Also last year, the New York legislature passed the Consumer Credit Equity Act to refine the rules of the courts regarding debt collection suits. Civil courts are now required to send additional notice to consumers at two key points in a case: after they have first been notified of a legal action and if a default judgment or automatic decision in favor of the plaintiff is requested. These communications also inform consumers of the implications of a legal case, outline next steps, and direct consumers to legal resources written in plain language and available in English and Spanish. The new law also requires the court to maintain a website with resources for self-employed consumers.
Likewise, the Texas Legislature recently ordered the state Supreme Court to “establish a simple and expedited process” for defendants to seek relief from seizures of bank accounts and assets after a judgment has been entered against them. As in New York, the new law specifies that notices must contain instructions, be written in plain language and incorporate Spanish translations.
In addition to these examples, state legislators across the country are also updating laws to lower the statute of limitations for consumer debt lawsuits, reduce postjudgment interest rates, and determine criteria for exemption from wage garnishment and seizure of assets. Ohio recently reduced its statute of limitations for debt cases from eight to six years to match national averages. Nevada adjusted interest rates on judgments to better reflect contemporary market rates. And ColoradoThe recent decision to increase the value of a family’s home that is protected from foreclosure is an important step in updating the garnishment and asset seizure exemptions to more accurately reflect the cost of modern living and home values. Changing these outdated laws helps ensure that consumers do not go into further debt after legal intervention and are still able to make ends meet by paying off the debts they owe.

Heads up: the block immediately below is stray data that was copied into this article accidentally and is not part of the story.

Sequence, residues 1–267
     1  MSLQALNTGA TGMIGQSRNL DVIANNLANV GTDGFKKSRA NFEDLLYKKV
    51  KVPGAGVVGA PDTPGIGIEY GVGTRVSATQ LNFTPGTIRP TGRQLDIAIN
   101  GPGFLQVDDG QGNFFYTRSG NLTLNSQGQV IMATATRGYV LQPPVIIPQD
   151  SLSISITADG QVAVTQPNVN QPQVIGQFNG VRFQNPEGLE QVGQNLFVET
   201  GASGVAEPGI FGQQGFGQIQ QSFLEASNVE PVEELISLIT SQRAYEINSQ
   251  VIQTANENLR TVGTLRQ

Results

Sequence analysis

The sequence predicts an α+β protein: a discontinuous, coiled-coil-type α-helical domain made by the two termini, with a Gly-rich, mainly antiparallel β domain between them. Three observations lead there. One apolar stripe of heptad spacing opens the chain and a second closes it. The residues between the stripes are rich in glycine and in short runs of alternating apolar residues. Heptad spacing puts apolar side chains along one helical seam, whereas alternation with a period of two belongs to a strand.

Guided by these promising practices, state legislators can do much to continue to manage the prevalence of debt collection litigation and better align the civil law system with the characteristics of modern court users and their legal needs. For these efforts, it is essential to understand and examine current gaps in policy and court case data to better identify additional pain points and monitor the impact of any reforms. Lawmakers would also benefit from working with various stakeholders, including the courts, consumers and their advocates, and industry players. Closing the NCSL webinar, David Reid noted that it is “much easier to reach common ground” when he has “open lines of communication” with consumer and court advocates, a perspective that is embraced by states such as Michigan and Utah, which are considering holistic reforms in this space.
State lawmakers interested in watching a recording of the webinar can visit the NCSL websitewhich also offers policy resources on debt collection lawsuits and other information on key challenges facing civil courts.
Natasha Khwaja works on The Pew Charitable Trusts Civil Legal System Modernization Project.